Most new restaurants need a clear identity to succeed. But labels come easier to some projects than others — especially in a neighborhood that stokes preconceptions. So, if I told you one of my new favorite restaurants was in the Italian Market, one might understandably guess that it served either Mexican or Southeast Asian food, two of the area’s current strong suits, or a taste of the multi-generational Italian cooking that has given its name to a corner of the city still so vibrant with immigrant food stories.
Alice is none of these. It’s a modern American restaurant and bar whose boundaries are only defined by chef and owner Dave Conn’s imagination, diverse experiences and considerable skill. A charcoal-fired oven and seasonality are the elements that most define its menu, a free-flowing collection of variously-sized plates that slide seamlessly from carpaccio and crudo to large format sharing platters without any of the old “appetizer” or “entree” demarcations that have long organized our dinners into tidy courses. Such labels can seem like such unnecessary formalities in today’s restaurants, where the best meals simply flow and sharing is encouraged.
Diners typically order between two and four plates per person at Alice, a casually elegant and airy corner space previously occupied by Sicilian-inspired Monsù. It’s been redesigned with an open kitchen bordered by a 10-seat bar and 32-seat dining room just beyond decorated with understated earth tones, bare wood tables and brown leather banquettes. The vivid colors come from Conn’s cooking, which draws from a global pantry of ingredients and techniques gathered over his two decade long career, from Indian-inspired flatbreads to hard-to-resist fresh cut French fries with shio koji, chermoula-marinated lamb and a butterflied whole chicken with Burgundy truffles I’m still thinking about.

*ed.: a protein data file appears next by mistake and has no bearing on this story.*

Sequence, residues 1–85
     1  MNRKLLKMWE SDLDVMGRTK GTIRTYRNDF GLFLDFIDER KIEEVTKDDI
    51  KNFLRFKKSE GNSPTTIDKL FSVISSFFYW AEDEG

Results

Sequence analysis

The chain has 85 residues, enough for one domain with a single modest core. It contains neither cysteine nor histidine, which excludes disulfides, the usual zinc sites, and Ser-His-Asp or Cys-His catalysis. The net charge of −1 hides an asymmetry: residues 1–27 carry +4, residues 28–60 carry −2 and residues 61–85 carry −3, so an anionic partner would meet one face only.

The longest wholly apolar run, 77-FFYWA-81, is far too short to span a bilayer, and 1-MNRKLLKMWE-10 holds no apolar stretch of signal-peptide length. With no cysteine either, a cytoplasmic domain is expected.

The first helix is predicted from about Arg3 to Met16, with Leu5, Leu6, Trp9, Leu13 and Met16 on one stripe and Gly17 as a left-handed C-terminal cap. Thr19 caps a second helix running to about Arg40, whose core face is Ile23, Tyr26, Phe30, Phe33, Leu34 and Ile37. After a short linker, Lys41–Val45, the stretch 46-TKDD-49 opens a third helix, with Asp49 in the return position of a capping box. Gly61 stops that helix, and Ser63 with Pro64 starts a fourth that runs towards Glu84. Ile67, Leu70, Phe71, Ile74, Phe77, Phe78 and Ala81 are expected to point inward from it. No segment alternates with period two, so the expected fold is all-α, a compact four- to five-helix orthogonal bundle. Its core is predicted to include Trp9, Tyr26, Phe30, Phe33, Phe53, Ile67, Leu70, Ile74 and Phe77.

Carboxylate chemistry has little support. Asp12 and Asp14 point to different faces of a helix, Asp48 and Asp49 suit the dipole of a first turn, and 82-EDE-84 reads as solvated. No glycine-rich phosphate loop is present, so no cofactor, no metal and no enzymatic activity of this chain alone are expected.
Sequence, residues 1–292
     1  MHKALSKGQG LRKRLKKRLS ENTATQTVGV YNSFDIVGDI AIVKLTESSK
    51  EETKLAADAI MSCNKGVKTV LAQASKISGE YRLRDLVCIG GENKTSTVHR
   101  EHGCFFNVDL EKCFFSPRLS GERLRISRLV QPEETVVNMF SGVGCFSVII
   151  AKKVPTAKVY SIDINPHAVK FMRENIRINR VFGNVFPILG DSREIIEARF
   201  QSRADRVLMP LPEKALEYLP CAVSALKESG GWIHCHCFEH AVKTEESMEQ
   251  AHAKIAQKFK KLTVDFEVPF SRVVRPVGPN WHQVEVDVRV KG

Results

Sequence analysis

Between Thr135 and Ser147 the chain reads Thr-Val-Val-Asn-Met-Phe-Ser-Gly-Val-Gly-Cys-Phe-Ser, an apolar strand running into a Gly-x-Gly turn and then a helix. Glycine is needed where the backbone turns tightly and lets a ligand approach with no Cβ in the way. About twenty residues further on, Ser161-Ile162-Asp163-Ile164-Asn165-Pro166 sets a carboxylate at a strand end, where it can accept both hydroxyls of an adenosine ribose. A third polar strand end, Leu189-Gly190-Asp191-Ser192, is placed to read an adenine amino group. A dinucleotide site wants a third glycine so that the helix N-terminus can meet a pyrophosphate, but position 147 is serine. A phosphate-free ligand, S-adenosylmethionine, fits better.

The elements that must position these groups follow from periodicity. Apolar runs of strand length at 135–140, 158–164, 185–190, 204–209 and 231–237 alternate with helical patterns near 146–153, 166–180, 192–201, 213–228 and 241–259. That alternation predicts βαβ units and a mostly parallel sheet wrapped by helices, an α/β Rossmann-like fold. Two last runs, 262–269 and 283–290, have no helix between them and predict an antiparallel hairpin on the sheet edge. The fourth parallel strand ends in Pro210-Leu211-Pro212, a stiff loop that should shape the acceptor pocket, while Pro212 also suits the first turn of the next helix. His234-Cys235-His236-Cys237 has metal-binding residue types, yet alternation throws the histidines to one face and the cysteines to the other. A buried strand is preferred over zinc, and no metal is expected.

In lesser hands, it could be a non-sensical fusion mess. But the Baltimore-raised Conn, 41, is one of the best chefs whose cooking many Philadelphians have eaten but never knew by name. He worked as a key player behind the scenes for a dozen years with Jose Garces (Amada, Tinto, JG Domestic, Garces Trading Co., Volvér and Iron Chef), followed by another six at Stephen Starr’s El Vez.
I catch glimpses of many of those stops in Conn’s food, as well as homier Jewish influences and a love of farmers’ markets inherited from his late mother, Alice, for whom the restaurant is named. Her affinity for unpretentious hands-on eating experiences are evoked in the picnic vibe of the flavorful deep-fried organic chicken with house hot sauce and roasted Caraflex cabbage. (Which would have been perfect if my bird had been just a hint more tender.)
Conn’s first job as a teen was at an Indian restaurant in Maryland. He’s carried his love of naan with him, using a traditional recipe for the yogurt-infused dough in untraditional ways, flashing the folding flatbread over the coals to be garnished with light but umami-powered toppings, from Spanish anchovy fillets with confit leeks and Aleppo pepper, to the spicy eggplant cubes laced with oceanic bottarga.
Conn’s mission is to put great ingredients front and center — but I wish he was more determined to source locally. When he finds a product he values, be it baby greens from California or a special pigs from Texas, he certainly does them justice. That even goes so far as daring to serve rare pork, a practice that’s anathema to many Americans. But the domestic Ibérico from pigs that have feasted on acorns is so delicious, its lightly cooked and richly marbled flesh is the star of one of Alice’s most distinctive dishes. A carpaccio of coriander-spiced presa cut from the shoulder is just kissed by the coals, then fanned into shear slices beneath an herbal vinaigrette sparkled with garlic chips, shallots and mustard blossoms.
The top of Alice’s menu, partly organized by temperature from cold to hot (as well as increasing in size), is full of bright flavors and seafood. Salt Water Taffy oysters from Barnegat Bay are illuminated by a citrusy cucumber aquachile. Glory Bay salmon crudo is paired with a garlicky puree of sesame ajo blanco and an herbal green matcha sauce steeped from tea sourced from neighboring Function Coffee Labs. The “green salad,” a typically mundane dish I’d usually pass over, caught my attention with its green garlic-buttermilk twist on Caesar, then kept me transfixed with crunchy artichokes showered with Parmesan.